What would it have meant to me if you had lived, Michalina? You might have been like a Baba to me. I never knew my Baba, your sister. She died when I was 2 ½ . I saw her only once when I was 1 ½ and have no memory of the visit or her. You were 13 years younger so I might have known you. Maybe you would have moved to Oshawa where your older brother John lived for many years. He also died before I was born but his wife lived for many years. I knew her well and in fact was named, Frances, after her.



John Huckan and Frances Ross Huckan
Winnipeg, Manitoba
c. 1914

The only photos I have of Baba are taken when she was older, aged and toothless before her time. When I look at photos of my grandmother, your older sister Marya and you, Michalina, I see what she must have looked like as a young girl. I think she must have been as pretty as you when she was a young woman. I feel closer to her somehow. Closer to her youth.


Marya Huckan Zarecka
Sclater, Manitoba
c.1940
To be continued...


Copyright © 2010, Ruth Zaryski Jackson

Sunday, August 28, 2016

Letter to a Dead Great-Aunt: The Beginning of my Quest

On Monday, November 10, 2008, I published on my writing blog the following letter  to my dead great-aunt Michalina. This was the beginning of my quest to find out exactly what happened to her nearly 100 years ago. 

Michalina Huckan
Winnipeg, MB
c. 1912

Letter to a Dead Great-Aunt: A Personal Memoir


Dear Great-Aunt Michalina or maybe I should call you Вуйна,

I have been haunted by your story ever since I saw your photograph and heard your heart-rending story. I am trying to find traces of your short life but have not been very successful. Women are harder to find. Invisible threads in history. My history.

Michalina, you were about 17 years younger than my grandmother, Marya Zarecka, your sister. I even wondered if you were her illegitimate daughter and the reason behind my grandfather’s relentless anger towards his wife. Perhaps that’s why there are no records of you. I asked my mother timidly if that could be possible. Without emotion, she flatly denied it: "they were sisters" she stated. I believe her.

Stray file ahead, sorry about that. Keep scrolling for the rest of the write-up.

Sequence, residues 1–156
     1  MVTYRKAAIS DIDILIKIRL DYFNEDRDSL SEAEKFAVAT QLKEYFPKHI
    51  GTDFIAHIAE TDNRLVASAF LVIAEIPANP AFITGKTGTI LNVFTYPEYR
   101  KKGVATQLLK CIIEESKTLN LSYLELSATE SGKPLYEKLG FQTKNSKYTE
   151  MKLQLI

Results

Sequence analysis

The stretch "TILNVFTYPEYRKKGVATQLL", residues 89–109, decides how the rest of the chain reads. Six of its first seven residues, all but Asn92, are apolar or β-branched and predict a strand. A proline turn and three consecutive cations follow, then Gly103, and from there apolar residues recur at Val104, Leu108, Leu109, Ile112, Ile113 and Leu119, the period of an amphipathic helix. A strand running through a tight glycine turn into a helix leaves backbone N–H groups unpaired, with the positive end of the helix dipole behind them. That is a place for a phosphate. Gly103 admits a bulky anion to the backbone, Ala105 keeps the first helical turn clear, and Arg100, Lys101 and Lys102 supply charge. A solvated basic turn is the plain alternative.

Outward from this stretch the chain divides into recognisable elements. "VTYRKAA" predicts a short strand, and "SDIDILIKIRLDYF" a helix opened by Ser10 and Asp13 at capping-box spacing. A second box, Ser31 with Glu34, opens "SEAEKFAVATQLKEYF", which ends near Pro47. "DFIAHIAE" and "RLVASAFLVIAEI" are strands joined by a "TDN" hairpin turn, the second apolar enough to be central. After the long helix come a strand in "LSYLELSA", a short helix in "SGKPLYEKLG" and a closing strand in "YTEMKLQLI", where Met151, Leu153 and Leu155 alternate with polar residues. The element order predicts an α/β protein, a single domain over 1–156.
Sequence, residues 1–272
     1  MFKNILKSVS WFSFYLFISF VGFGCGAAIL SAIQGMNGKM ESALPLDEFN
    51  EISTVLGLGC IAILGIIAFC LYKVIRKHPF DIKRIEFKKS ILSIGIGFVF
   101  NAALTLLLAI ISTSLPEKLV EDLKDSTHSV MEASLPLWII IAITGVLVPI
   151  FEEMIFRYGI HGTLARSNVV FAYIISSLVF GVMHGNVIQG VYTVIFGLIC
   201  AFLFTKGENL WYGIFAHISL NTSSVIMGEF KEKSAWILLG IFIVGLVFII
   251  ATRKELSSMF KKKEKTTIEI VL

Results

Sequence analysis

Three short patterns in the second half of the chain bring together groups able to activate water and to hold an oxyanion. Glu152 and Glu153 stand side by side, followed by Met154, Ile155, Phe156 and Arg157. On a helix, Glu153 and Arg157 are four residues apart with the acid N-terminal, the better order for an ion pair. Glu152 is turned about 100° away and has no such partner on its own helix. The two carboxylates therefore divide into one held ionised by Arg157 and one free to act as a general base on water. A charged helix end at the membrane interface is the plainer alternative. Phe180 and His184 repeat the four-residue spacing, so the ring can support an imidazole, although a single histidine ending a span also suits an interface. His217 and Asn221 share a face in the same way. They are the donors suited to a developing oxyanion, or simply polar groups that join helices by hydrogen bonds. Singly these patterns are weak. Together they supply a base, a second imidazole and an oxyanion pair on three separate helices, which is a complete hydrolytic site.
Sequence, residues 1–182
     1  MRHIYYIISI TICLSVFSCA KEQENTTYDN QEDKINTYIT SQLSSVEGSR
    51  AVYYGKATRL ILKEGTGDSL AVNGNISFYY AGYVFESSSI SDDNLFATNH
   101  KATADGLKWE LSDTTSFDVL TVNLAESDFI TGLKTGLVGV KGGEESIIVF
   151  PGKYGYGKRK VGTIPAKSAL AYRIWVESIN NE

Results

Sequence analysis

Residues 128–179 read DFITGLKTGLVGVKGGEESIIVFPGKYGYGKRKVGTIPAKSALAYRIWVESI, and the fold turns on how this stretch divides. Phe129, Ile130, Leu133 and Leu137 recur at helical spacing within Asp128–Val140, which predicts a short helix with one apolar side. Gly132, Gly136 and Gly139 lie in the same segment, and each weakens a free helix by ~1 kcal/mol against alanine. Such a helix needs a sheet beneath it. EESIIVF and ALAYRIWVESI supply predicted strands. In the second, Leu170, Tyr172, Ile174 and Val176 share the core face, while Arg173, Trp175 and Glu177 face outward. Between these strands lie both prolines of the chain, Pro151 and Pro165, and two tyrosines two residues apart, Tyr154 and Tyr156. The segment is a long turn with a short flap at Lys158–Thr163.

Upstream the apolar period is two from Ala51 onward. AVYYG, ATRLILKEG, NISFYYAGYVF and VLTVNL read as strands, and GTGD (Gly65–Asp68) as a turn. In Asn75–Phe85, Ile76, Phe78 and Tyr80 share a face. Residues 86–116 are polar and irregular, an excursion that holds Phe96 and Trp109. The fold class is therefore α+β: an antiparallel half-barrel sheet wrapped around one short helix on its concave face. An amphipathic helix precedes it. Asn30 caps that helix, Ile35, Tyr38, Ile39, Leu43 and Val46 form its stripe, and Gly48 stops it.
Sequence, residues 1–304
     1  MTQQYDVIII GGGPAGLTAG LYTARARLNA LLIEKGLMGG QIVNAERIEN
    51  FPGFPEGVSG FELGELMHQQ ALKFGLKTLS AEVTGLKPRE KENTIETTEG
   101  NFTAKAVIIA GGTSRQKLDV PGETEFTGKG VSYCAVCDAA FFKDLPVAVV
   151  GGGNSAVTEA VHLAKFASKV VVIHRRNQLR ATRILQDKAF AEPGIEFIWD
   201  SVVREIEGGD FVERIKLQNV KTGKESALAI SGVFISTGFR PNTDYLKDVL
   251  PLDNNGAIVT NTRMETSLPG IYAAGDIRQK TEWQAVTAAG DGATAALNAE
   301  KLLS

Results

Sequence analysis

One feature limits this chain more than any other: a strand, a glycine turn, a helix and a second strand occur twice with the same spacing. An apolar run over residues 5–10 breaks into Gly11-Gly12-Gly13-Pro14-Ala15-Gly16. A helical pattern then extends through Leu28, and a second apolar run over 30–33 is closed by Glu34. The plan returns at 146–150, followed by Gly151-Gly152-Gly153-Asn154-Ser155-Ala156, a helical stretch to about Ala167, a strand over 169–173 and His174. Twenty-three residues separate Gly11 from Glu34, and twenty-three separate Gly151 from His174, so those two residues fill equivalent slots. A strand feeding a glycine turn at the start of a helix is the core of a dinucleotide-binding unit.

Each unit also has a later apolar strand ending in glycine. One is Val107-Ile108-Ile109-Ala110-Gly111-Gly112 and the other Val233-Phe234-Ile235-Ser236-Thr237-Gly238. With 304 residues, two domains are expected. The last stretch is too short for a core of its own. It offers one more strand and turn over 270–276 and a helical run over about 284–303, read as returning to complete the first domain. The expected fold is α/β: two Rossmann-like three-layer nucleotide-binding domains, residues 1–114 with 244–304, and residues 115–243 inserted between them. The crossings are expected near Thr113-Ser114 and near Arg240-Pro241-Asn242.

You were born in 1892 in Repuzhintsy, Bukovina, the province of Roumania and were 19 when Marya left for Canada in 1911. You followed a few years later, maybe with your older brother Iwan’s (John) family when they came later. I have been unable to find your immigration records. You went to Winnipeg and by 1916 were living in Ben Nevis House, a rooming house at 42 Dagmar Street according to the Henderson Directory. You, like hundreds of other single young immigrant women, were working at one of the many downtown Winnipeg hotels.

You had a fiancé who is shown standing beside you in a studio photograph of you and your brothers Nikolaj, and Iwan with his wife Frances and daughter. His name is unknown to us. I’m glad you knew love. You were looking forward to marrying him: you risked and lost your life for the sake of the $800 you’d saved and hidden under your mattress. You must have been living in the hotel you worked in. Was Ben Nevis House a hotel? So many questions…

From your two photographs, I can see you were a pretty woman, short in stature with long curly brown hair. Your eyes were lighter than brown, blue or hazel perhaps. You are dressed in a long-sleeved white blouse and a long dark skirt, the proper female attire of the time. You are wearing no visible jewelry except a pin at the neck of your long-sleeved white blouse. I wonder whatever happened to your meager belongings when you died. Your hands are strong but graceful, holding a few flowers in one photo.